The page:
Creative persons from fields other that art who want to get their working skills under better control and learn to overcome blocks to creativity will benefit from working with the techniques presented here. Teachers and parents will find the theory and exercise useful in helping children to develop their creative abilities. At the end of the book, I have supplied a brief postscript that offers some general suggestions for adapting my methods and materials to children. A second postscript is addressed to art students.
This book is based on the five-day workshop that I have been teaching for about fifteen years to individuals of widely ranging ages and occupations. Nearly all of the students begin the course with very few drawing skills and with high anxiety about their potential drawing ability. Almost without exception, the students achieve a high level of skill in drawing and gain confidence to go on developing their expressive drawing skills in further art courses or by practice on their own.
An intriguing aspect of the often-remarkable gains most students achieve is the rapid rate of improvement in drawing skills. It's my belief that if persons untrained in art can learn to make the shift to the artist's mode of seeing-that is, the right -hemisphere mode-those individuals are then able to draw without further instruction. To put it another way, you already know how to draw, but old habits of seeing interfere with that ability and block it. The exercises in this book are designed to remove the interference and unblock the ability.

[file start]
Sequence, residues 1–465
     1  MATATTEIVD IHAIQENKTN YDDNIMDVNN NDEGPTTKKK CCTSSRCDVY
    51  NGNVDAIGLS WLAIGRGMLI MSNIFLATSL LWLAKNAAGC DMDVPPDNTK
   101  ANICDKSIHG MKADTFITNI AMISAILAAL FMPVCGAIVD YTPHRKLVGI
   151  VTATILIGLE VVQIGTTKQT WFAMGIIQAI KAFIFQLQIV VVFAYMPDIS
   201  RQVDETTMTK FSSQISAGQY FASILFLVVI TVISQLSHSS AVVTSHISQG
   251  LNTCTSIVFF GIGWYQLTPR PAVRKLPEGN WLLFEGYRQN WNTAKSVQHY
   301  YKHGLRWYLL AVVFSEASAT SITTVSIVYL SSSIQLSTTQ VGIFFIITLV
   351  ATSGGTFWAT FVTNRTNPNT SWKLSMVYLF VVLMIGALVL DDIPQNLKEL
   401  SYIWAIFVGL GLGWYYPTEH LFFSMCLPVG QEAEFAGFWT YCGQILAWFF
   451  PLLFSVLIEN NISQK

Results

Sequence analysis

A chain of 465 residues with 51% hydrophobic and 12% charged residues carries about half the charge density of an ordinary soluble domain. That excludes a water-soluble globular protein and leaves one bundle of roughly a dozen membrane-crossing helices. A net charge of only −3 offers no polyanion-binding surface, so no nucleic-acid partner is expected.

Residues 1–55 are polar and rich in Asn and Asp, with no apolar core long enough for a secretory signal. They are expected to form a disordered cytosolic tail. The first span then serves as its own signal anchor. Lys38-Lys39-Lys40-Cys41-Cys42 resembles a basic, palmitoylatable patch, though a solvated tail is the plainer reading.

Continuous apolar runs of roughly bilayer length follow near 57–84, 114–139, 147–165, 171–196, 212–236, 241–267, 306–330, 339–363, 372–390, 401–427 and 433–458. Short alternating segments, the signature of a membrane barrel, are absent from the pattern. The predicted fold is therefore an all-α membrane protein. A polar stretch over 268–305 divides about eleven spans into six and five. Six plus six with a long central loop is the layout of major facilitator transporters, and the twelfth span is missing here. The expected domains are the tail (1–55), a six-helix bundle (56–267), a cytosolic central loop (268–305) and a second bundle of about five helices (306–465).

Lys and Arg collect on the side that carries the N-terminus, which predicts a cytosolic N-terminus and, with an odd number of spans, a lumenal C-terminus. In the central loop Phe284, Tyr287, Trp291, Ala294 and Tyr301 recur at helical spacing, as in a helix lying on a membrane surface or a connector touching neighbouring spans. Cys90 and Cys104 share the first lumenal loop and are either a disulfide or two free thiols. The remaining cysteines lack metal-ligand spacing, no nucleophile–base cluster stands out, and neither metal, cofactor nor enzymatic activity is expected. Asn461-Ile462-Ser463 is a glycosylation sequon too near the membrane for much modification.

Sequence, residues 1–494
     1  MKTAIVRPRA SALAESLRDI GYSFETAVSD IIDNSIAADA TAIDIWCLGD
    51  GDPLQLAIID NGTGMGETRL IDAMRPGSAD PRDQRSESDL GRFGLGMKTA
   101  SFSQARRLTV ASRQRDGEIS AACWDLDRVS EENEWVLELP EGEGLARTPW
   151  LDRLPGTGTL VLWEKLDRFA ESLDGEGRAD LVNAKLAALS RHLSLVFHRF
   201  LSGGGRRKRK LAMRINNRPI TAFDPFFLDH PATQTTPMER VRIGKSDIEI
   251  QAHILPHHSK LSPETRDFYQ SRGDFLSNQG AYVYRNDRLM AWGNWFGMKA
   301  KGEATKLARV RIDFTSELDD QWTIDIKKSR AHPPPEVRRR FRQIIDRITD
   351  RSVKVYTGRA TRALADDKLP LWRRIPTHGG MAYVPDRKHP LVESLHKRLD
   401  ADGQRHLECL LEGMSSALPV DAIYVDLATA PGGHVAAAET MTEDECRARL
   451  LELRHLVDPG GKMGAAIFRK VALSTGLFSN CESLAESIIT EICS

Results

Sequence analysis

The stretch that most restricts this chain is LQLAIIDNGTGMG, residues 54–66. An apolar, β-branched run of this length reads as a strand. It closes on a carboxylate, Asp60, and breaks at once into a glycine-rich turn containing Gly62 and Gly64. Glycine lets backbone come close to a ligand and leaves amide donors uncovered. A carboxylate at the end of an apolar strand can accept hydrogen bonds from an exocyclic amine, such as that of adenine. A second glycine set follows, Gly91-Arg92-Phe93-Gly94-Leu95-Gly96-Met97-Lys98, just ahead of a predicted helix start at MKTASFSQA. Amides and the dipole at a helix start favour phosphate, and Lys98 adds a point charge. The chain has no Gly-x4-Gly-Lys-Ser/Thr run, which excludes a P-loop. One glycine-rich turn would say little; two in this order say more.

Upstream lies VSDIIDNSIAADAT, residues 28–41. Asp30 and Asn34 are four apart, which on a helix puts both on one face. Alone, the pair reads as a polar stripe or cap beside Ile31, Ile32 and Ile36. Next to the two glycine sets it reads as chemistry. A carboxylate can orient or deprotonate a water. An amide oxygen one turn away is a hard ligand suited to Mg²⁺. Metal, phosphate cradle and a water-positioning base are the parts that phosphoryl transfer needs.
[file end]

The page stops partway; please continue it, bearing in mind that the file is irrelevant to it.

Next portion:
While you may have no interest whatever in becoming a fulltime working artist, the exercises will provide insights into the way your mind works, or your two minds work-singly, cooperatively, one against the other. And, as many of my students have told me, their lives seem richer because they are seeing better and seeing more. It's helpful to remember that we don't teach reading and writing to produce only poets and writers, but rather to improve thinking.
A number of the exercises and instructional sequence in the book are designed to enable you to draw a recognizable portrait. Let me explain why I think portrait drawing is useful as a subject for beginners in art. Broadly speaking, except for the degree of complexity, all drawing is the same. One drawing task is no harder than any other. The same skills and ways of seeing are involved in drawing still-life setups, landscapes, the figure, random objects, even imaginary subjects, and portrait drawing. It's all the same thing. You see what's out there (imaginary subjects are "seen" in the mind's eye) and you draw what you see.
I have described to you the basic premise of this book-that drawing
is a teachable, learnable skill that can provide a twofold advantage.
By gaining access to the part of your mind that works in a style conducive